- Within the sun’s rays are two types of radiation; UVA and UVB.
- Sunburns are predominantly caused by UVB rays while UVA is most responsible for skin damage such as aging/wrinkles and some types of skin cancer.
How do I protect myself and my kids from the harmful effects of the sun?
- For everyone over the the age of 6 months, the use of sunscreen is recommended whenever you are going to be exposed to the sun.
- For infants under the age of 6 months, sunscreen use is not recommended.
- -Babies are born with thinner skin than older kids/adults, therefore it is easy for them to absorb the sunscreen into their skin, making it less effective. It is also a good idea to limit the baby’s exposure to different chemicals (exposure early in life can cause sensitivities when the child is older).
- For all ages, seeking shade whenever you are outside, wearing clothing to cover exposed areas of skin, and wearing a hat and sunglasses are all good measures to take to protect your skin and eyes from the sun.
Are there different types of sunscreens I can use?
- Yes. In fact, there are a variety of ingredients used to make commercially available sunscreen products.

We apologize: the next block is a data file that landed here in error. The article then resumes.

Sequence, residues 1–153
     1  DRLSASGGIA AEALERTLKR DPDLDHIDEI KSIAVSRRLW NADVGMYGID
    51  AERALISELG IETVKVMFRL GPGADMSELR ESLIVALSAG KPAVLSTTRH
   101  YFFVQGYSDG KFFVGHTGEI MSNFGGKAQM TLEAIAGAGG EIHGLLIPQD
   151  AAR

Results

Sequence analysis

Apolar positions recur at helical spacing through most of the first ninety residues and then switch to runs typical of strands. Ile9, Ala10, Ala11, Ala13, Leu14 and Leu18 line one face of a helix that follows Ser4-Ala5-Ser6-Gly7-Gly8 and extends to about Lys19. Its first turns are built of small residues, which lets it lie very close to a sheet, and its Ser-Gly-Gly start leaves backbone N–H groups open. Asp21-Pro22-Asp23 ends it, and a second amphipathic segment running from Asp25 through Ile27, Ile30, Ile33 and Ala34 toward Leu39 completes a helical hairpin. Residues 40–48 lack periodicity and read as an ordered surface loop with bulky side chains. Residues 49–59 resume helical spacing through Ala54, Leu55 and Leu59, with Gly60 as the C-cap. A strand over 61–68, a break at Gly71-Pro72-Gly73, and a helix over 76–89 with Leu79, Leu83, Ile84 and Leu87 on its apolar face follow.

- Sunscreen ingredients can normally be divided amongst two categories.
- Chemical filters absorb the sun’s rays and convert that energy into heat. There are lots of chemical filters available. However, many do not provide adequate UVA protection.
- Physical filters sit on the skin and reflect/scatter the sunlight. Sunscreens with these ingredients provide protection against both UVA and UVB radiation. When selecting a sunscreen, look for one that has Zinc oxide and/or Titanium dioxide.
How do I know which sunscreen to use?
- A good sunscreen will have:
- an SPF (sun protection factor) of at least 15 (SPF 30 is usually recommended for both kids and adults). Remember, SPF values only refer to UVB protection.
- protection from both UVA and UVB radiation. Look for “broad spectrum” on the label, or check the ingredients list for zinc oxide or titanium dioxide.
How do I use the sunscreen once I’ve found a good one?
- Apply sunscreen to all areas of exposed skin generously and often. If at all possible, apply sunscreen 20 minutes prior to sun exposure. Re-application at least every 2 hours is recommended, more often if you are swimming or sweating (even if the sunscreen says it is waterproof/resistant).